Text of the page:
Wednesday, December 16, 2009

Queues in the Kitchen.

Yesterday’s story on the bespoke mutton and pudding which came complete with micro-livestock and a few hairs - courtesy of the lice-ridden kitchen boy - reminded me of an interesting example of entrepreneurial activity from the past. The article is from Popular Mechanics, in February 1921, and in this case, hair is a positive benefit in the kitchen.

Buy Chinese Queues to Make Hair Filters for Soup.
Because long-strand human hair makes an almost ideal filter for straining soup, and other liquid foods, in preparation for canning, a certain manufacturer is reported to have bought recently some $800,000 worth of Chinese queues. These will be used in place of the goat-hair filters formerly employed because of their comparative cheapness. Human hair for various purposes has long been an article of Chinese export, but when the wearing of “pigtails” went out of fashion in the celestial land several years ago, an enormous supply of the material was created. The enterprising buyer was able to obtain for his money a total of 2,450,000 of the long plaits, comprising a load for about 28 freight cars.

I cannot imagine the work involved in making a sieve from hair!

One of the other old methods of making a very clear broth or fine puree in the old days was to strain it through a bolt of fabric – another laborious job, which must have created an enormous pile of difficult laundry. Thank heavens for blenders and food processors, I say!

Here is a recipe for celery soup which specifies a hair sieve. It is from The Cook’s Own Book, by Mrs. N.K.M.Lee (‘A Boston Housekeeper’).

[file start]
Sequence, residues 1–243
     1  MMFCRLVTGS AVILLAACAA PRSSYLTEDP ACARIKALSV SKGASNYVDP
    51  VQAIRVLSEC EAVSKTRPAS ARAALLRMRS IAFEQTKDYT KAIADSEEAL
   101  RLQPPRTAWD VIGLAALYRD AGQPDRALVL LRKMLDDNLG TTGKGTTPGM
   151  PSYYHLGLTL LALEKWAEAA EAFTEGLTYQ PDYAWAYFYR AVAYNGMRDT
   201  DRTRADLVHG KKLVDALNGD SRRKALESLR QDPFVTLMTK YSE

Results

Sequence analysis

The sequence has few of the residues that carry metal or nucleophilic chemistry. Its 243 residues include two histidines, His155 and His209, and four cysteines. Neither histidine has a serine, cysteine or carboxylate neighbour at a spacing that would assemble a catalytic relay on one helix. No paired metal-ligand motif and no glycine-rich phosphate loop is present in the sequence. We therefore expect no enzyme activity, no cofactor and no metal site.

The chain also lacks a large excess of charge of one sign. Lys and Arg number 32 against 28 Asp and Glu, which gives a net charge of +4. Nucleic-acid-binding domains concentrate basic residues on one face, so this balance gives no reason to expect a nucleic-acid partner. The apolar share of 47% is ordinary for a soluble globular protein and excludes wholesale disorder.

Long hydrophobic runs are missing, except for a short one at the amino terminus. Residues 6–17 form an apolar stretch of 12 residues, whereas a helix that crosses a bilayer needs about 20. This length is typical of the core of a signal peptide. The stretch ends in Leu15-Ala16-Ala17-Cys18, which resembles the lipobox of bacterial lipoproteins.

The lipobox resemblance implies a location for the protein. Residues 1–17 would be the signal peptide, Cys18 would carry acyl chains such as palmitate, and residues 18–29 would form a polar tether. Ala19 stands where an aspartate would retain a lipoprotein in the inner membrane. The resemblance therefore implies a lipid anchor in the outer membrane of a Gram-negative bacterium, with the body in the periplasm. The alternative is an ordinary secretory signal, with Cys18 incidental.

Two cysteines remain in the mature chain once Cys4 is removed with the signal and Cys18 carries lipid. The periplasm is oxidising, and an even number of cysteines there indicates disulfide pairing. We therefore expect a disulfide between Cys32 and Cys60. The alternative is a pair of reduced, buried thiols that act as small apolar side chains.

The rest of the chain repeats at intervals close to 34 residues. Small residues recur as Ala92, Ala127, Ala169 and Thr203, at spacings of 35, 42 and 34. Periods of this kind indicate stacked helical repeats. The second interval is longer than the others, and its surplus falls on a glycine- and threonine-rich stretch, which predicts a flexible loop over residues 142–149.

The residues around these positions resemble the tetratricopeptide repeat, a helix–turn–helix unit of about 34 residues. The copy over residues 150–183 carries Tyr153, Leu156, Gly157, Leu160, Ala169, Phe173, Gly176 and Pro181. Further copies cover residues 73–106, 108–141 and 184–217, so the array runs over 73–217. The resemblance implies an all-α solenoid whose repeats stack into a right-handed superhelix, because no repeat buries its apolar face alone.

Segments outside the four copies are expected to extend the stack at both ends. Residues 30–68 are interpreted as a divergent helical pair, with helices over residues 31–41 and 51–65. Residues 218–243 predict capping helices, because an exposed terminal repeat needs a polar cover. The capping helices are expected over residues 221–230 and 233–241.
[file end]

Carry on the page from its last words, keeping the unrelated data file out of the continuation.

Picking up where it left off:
Split half a dozen heads of celery into slips about two inches long; wash them well; lay them on a hair sieve to drain, and put them into three quarts of clear gravy soup in a gallon soup-pot; set it by the side of the fire to stew very gently till the celery is tender; this will take about an hour. If any scum rises take it off; season with a little salt.
Obs.- When celery cannot be procured, half a drachm of the seed, pounded fine, which may be considered as the essence of celery, put in a quarter of an hour before the soup is done, and a little sugar will give as much flavor to half a gallon of soup as two heads of celery weighing seven ounces or add a little essence of celery.

Quotation for the Day.

Do not arouse disdainful mind when you prepare a broth of wild grasses; do not arouse joyful mind when you prepare a fine cream soup.
Dogen (Japanese 13th C Buddhist monk and philosopher)


Diana said...

It's funny how they use "went out of fashion" as a euphemism for the Xinhai Revolution. The queue represented the old imperial dynasty.

The Old Foodie said...

Hello Diana - yes, I almost made a comment about the "fashion" but decided it was too complicated for a food blog!